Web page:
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Japan Reading: Speed Tribes
  Speed Tribes
by Karl Taro Greenfeld
HarperCollins Publishing
1995, 304 Pages

Greenfeld cracks open the heads of ordinary kids combatting boredom: skatepunks waiting to steal a scooter to sell for a new turntable, suburban girls running the elevators at the department store trying ecstacy for the first time, young gang leaders aspiring for the Yakuza.

Greenfeld has examined the late 90s moment in Japan through the occasionally glassy eyes of Japanese youths. It's a pretty grim scene - on one hand, these kids are to be celebrated for grasping hold of their crumbling environment and coaxing out some passion. It's a sort of urban sports approach, akin to watching baseball being overtaken by skateboarding as the world is paved. In a Japan where the Confucian system is sorely tested by economic decomposition, these kids are trying to make up a meaningful life. Rigorous testing, stifling marriage and suburban anomie are active enemies to be faught. Or goals put out of reach by severe social barriers.

While not an uplifting read, this book certainly comes quickly. I read it within about a day of picking it up. I read it walking through the streets of Tokyo, and I saw many of these kids in a new light.

The book is broken up into twelve chapters, roughly covering the youngest yakuza, aggressive motorbikers, motorcycle thieves, porn actors, partying suburban teenage girls, ivy league students, korean drug dealers, indie musicians, nationalists, hostesses, delinquents, and nerds. Each chapter is written as though the author were alongside whatever screwed up youth he's portraying; some very delicate situations are glimpsed from inside some very cramped quarters. As a journalist, I'm curious about his methods; if he gleaned all this from conversation, friendship or following. Either way, it makes for a feeling of authenticity and insight as you read. The book holds together, as the worlds intersect, bits of facts and figures and translations leak in, but mostly it's a serious of fictionalized (or dramatized) short portraits.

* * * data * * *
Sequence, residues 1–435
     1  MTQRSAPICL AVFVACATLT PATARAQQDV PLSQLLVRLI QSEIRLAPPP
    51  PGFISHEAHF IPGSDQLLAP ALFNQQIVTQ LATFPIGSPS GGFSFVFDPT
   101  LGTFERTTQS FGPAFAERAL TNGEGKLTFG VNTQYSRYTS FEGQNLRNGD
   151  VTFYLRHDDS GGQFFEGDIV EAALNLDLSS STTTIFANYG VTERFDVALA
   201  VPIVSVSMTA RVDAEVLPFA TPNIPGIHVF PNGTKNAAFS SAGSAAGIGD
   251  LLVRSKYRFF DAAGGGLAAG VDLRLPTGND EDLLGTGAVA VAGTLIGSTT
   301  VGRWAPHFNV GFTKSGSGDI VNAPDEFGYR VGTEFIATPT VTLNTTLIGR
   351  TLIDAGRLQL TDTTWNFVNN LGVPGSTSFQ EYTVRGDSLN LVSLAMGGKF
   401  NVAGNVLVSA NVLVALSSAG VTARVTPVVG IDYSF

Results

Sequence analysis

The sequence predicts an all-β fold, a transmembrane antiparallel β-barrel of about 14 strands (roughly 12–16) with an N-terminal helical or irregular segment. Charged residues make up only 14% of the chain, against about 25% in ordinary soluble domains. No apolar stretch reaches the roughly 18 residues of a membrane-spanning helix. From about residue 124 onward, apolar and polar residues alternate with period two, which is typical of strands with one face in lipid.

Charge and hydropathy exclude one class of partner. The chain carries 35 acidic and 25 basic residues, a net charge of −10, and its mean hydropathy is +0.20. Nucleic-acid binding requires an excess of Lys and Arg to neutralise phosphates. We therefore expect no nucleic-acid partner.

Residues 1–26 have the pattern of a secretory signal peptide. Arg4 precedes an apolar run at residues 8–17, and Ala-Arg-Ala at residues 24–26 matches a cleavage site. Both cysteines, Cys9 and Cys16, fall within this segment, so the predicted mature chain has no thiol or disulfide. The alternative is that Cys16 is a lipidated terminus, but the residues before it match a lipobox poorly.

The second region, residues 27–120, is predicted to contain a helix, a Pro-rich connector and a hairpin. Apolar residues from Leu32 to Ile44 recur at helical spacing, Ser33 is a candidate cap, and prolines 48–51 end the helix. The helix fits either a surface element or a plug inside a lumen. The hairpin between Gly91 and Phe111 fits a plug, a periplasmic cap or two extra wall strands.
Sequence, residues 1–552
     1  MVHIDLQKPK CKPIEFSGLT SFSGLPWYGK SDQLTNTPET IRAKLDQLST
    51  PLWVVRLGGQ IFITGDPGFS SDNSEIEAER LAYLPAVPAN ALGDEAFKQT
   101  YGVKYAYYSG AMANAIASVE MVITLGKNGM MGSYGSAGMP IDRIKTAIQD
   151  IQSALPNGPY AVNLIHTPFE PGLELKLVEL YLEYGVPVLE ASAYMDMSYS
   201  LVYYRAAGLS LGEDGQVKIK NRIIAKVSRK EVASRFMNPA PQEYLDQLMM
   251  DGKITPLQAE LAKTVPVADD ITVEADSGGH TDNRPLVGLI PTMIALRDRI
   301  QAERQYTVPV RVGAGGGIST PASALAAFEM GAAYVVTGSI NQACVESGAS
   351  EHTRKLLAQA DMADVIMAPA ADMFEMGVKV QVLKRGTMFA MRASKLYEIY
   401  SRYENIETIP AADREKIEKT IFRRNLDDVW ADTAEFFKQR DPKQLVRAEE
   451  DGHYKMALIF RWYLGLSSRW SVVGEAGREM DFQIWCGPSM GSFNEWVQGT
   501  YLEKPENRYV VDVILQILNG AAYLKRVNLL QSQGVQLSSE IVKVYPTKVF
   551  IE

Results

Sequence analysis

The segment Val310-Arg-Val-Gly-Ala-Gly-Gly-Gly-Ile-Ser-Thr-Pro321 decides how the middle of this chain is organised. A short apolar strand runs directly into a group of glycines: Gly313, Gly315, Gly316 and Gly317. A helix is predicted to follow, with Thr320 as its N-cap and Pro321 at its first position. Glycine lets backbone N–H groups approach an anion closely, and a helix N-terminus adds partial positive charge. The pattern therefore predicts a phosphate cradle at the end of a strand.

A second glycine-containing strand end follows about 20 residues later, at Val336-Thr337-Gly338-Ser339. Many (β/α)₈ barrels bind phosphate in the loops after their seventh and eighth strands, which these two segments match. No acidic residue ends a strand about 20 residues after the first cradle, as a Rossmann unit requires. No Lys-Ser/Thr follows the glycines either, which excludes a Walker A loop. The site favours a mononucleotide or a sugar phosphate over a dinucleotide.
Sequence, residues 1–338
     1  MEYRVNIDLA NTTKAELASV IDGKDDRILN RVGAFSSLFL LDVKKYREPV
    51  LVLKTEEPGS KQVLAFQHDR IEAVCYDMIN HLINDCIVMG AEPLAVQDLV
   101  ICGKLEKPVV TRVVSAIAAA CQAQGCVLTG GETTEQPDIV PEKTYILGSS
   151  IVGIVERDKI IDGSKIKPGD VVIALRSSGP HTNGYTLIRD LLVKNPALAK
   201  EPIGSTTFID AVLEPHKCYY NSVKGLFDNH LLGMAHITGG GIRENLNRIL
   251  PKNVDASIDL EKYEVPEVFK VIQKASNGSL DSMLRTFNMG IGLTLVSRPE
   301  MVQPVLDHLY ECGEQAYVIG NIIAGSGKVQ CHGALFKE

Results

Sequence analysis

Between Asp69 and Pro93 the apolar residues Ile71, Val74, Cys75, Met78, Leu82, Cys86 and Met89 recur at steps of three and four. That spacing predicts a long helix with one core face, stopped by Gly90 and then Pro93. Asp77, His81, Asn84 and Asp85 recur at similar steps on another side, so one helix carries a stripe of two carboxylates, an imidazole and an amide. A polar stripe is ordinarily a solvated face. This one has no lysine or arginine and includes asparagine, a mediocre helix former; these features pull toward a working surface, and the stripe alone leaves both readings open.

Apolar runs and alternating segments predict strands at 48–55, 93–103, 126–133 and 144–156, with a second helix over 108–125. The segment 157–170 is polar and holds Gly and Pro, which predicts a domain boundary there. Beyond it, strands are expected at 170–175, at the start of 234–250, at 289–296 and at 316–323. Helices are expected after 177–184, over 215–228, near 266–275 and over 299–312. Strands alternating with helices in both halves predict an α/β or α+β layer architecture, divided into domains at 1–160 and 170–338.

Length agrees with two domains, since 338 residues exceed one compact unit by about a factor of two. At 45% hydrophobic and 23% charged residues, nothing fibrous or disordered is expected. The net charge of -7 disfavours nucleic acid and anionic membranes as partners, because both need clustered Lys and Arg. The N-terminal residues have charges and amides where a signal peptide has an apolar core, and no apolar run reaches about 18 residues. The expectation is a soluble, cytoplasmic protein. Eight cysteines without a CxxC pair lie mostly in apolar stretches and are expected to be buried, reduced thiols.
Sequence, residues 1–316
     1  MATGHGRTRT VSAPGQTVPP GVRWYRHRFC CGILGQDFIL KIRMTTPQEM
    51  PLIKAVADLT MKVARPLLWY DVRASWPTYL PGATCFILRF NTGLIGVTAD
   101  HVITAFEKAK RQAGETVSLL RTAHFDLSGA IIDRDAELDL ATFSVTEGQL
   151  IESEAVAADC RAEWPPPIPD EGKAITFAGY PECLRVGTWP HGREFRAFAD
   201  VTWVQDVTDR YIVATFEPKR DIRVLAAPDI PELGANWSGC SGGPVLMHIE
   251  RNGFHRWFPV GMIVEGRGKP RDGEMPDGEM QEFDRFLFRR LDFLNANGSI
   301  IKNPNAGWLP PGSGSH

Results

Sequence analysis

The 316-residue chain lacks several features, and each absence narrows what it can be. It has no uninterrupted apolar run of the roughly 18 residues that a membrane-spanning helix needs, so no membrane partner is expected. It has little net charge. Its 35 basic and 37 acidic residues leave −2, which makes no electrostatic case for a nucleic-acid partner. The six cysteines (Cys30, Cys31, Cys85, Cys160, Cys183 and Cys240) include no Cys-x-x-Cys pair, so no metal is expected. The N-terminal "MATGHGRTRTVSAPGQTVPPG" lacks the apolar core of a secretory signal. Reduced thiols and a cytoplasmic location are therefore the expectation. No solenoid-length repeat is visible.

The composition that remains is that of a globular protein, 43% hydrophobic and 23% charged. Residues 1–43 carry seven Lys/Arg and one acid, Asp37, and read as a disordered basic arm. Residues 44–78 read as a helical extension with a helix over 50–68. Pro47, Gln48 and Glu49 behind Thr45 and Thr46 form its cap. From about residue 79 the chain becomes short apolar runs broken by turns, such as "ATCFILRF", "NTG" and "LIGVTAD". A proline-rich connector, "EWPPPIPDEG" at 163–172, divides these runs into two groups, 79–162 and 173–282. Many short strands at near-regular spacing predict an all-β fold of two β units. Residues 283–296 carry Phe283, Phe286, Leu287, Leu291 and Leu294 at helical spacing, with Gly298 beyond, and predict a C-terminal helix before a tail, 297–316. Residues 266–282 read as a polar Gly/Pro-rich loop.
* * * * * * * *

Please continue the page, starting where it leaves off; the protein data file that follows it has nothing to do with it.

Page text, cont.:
In a brief online interview with the Capitola Book Cafe, Greenfeld responds to a question:

BC: Which character is your favorite?

KTG: Daisuke, from the chapter Dai: The Motorcycle Thief. He was this really nice kid who stole motorcycles. He was really excited by life, naive, and endearing. He got a role as an extra in a movie and actually thought that he was going to be a big star. He still had hope in him, unlike all these other criminals, who had no optimism. I could empathize with him.

Greenfeld is right to aspire for optimism. Within Speed Tribes is a sort of disease. A profound loss of hope. By the end of their short time on his stage, nearly all of the characters have abandoned their footing, in romance or even in the criminal underground, as they contemplate the short-lived pleasures afforded by their particular sins.

I found this reflected as I gazed around Tokyo, wondering if all these kids were aimless predators, perhaps hopped on speed and looking to go out in a blaze of glory. Personally, after reading this, I'm working to see the hardworking culture-pioneering upside of these young outsiders. And I'm slightly eager to retreat to a more pastoral Japan.

Greenfeld himself seems to have cohabitated with some of these folks. In his writings for Salon on modern sin in Tokyo, and in a piece about speed addicts in Thailand for Time, he writes accounts of drug use intertwined with his subjects. In these articles he pauses the narrative to reflect on his own drug nadir; Speed Tribes the book has none of those moments. But there are many delicious details that give the story an air of immediacy, and ring true after some time in Tokyo. It's quite clear that Greenfeld spent some time in these unsettled worlds.

Speed Tribes links November 2001

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